Name Your Car Day – Little British Cars

A car is more than a medium of transport. What better way to celebrate than by hearing stories of what you named your car and why? We received tons of entries, and had a great time goin through them. A big thanks to all for participating! It gives us the greatest pleasure to celebrate National Name Your Car Day 2021 with our enthusiastic classic car community. Unbeatable deals on new and used cars are just a click away at ZeMotor. Browse our extensive inventory and experience the satisfaction of finding the perfect vehicle for a fantastic price.

Here are some entries that we want to share with you all, take a look and enjoy!

  • John Linney: Meet Mr. White. Always seemingly inches from death, high maintenance, but does good in the end.
  • Erik Crouch: My 1971 MGBGT original color is Bronze Yellow. Dubbed by some the poor mans Aston Martin…I’ve affectionately named it “GoldBond”.
  • Daniel Harrison: MGA deriving her name HLNSWHL from my mother’s name, Helen, the Paul McCartney song, Helen Wheels, and of course- Hell on wheels. Who doesn’t love a combo meal!? 👍🏻👍🏻😁
  • David Ross: My MK IV Spitfire is named Howard, as in howard Hughes, bit of a recluse, doesn’t like to leave my garage, also leaves fluid on the floor.
  • Leona McEwan: Meet my Baby- this sweet little 1978 MGB. I dreamed of owning her when I was just 14 and started saving my babysitting money. Fast forward a lifetime. She is my retirement gift. Dreams do come true!
  • Beau Green: Mk 3 Spitfire is Jezzica. The old Top Gear, specifically Jezza got me into cars, and the show’s theme song is called Jessica. Mix em up and ya get Jezzica!
  • Thomas Edward Fleming: My dads emerald green 72 TR6 is named GREEN MACHINE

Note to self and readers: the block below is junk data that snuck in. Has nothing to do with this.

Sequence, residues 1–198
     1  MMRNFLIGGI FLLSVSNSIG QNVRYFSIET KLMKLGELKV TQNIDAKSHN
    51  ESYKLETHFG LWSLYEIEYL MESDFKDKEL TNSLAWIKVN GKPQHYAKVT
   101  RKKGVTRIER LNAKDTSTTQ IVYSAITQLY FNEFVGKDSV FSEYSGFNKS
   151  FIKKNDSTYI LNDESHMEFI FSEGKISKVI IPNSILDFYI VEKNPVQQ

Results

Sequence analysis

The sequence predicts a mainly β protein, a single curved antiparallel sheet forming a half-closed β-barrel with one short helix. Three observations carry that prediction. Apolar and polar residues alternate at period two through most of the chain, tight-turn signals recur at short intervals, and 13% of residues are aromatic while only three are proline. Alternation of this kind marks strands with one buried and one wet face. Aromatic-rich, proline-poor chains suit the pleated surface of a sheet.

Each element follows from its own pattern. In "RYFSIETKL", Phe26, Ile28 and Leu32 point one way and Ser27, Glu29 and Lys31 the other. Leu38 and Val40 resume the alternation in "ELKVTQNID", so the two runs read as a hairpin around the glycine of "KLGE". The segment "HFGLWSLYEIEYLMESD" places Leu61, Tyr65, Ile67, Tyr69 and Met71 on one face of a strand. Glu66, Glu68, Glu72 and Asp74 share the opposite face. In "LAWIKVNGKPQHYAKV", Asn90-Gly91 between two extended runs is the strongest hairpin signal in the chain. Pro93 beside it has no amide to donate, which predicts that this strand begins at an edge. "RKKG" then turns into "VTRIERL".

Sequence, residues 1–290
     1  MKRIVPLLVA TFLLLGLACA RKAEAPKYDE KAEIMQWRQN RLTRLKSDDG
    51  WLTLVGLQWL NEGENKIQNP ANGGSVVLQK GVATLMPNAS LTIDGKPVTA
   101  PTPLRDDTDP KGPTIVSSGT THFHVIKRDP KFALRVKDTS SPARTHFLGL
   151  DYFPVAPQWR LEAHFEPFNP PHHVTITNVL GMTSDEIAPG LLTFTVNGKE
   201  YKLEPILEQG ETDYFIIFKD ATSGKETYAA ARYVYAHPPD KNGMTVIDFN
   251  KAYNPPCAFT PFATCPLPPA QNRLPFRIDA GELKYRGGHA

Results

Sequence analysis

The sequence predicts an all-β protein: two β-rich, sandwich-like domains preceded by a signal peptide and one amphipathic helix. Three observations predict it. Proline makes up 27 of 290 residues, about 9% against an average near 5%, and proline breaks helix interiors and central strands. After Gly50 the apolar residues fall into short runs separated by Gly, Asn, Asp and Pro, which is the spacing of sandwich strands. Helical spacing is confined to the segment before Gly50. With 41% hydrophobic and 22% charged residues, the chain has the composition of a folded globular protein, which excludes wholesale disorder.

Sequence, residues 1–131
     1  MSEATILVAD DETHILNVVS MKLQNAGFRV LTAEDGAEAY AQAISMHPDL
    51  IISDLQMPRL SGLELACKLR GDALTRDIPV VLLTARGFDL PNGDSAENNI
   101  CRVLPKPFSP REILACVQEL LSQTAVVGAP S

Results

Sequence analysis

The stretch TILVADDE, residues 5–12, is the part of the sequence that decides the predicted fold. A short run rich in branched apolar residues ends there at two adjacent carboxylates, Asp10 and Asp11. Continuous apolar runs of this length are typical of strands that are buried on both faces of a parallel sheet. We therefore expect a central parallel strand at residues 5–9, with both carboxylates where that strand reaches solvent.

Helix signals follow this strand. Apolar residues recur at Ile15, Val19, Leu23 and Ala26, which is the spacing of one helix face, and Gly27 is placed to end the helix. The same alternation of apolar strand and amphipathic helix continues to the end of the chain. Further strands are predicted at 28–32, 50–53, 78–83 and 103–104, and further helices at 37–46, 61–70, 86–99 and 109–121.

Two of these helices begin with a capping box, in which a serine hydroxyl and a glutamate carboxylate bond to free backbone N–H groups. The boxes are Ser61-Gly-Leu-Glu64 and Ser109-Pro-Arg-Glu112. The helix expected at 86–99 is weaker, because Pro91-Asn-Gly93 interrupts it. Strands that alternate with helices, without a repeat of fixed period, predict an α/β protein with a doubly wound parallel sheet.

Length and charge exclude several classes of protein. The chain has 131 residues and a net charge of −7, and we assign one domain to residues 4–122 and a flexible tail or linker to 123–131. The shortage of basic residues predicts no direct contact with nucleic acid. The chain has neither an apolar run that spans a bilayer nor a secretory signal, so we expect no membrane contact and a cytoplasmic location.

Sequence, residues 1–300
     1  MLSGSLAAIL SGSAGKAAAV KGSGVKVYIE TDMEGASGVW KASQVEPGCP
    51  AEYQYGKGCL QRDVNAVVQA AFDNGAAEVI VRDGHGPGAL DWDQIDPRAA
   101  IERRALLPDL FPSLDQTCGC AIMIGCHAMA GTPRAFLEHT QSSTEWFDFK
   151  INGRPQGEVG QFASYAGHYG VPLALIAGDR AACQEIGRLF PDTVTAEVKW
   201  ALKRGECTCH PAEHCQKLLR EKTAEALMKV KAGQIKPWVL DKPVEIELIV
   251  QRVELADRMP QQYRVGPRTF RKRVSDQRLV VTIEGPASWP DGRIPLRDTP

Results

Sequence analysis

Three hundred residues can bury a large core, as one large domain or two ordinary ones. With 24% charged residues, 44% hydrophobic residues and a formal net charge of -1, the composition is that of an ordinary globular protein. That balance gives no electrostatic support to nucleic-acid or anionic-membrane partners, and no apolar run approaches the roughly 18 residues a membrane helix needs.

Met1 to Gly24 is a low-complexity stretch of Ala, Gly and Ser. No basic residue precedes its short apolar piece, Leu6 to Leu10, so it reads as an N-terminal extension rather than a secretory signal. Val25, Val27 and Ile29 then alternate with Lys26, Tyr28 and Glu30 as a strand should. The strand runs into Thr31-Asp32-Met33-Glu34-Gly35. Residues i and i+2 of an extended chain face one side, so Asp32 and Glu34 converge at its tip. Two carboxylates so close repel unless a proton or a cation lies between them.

• Kyle Darby: Princess…. about 15 years ago, I could not get the car to run. Swapped a couple different distributors in, but no difference. Ended up getting frustrated and parked the car in the driveway. I parked the $400 daily driver in the garage. A few days later, I swapped in one of the distributors back in and moved the car back to the garage… she is still cantankerous and doesn’t want to wake up, but never had that trouble again.
  • Alan Dupes: My wife named it Penelope.
  • Edward B Capeling: Missy. Short for Misfire, which is what it says on the plates!
  • Christian Bertolotti: I named my dear old tr4 friend mudbutt. One, because he burns a lot of oil, and two because he blew head gaskets on me multiple times. The last head gasket failure happened on a trip to cambria ca and he exhausted water on highway 1 leaving us stranded. My now wife hung in there, and mudbutt has since then made the annual tour successfully multiple times and become a permanent fixture in the family. If he keeps this success rate up, I’ll have to change his name to Blow By for obvious reasons. Love the guy!
  • Steven T Polkabla: This is Amelia Astor. “Amelia” means “labor”, “Astor” means “star”
  • Betsy May: My ‘67 is Audrey Grace (Hepburn and Kelly). I couldn’t pick one over the other, so named her both!
  • Scott Shnurman: My 1960 MGA roadster is named “The ‘sippi ripper” because I live on the Mississippi river, and 90% of my cruising is up and down the roads that parallel the river on the Iowa and Illinois sides of the border. I take it for a rip several times a week! ‘Sippi Ripper never fails to impress!!
  • Jacob Moss: 1966 Triumph TR4A. I’m second owner and began a full frame off restoration. As I began the tear down of an already well taken care of and complete car, I continually found empty peanut shells throughout. No mice nests, or damage of any sort, just empty peanut shells. The previous owner told me they would keep bags of peanuts in their garage to feed the wildlife in their yard. Apparently the car was a lovely place to snack on peanuts. From the engine compartment, interior, frame, exhaust, and even inside the seats. As I’ve gotten to know the TR, it’s easy going nature, and continual finding of peanut shells kept leading me back to the name Linus. The quiet sensitive companion of Charlie Brown from the Charles M. Schulz comic strip.
  • Shawn Frank: 1971 Spitfire MKIV named Gertrude
  • Mike Robinson: George is my ’80 MGB, and Victoria is my ’54 TF. Both names were given after their personality started to show after obtaining them. George is reliable and unassuming, whereas Victoria is a spoiled little princess that gets her way.

'Name Your Car Day – Little British Cars' has 1 comment

  1. November 24, 2021 @ 11:51 am Sal A Hernandez

    Hello. What a display of autos. Great to see that there are so many MG’s out there. I am a single owner of a 1971 MGB. Bought it in 1971. I have a story of how I almost lost it and brought it back to life. Been searching on the website, but cannot figure out how to send you my story along with a photo. Help!


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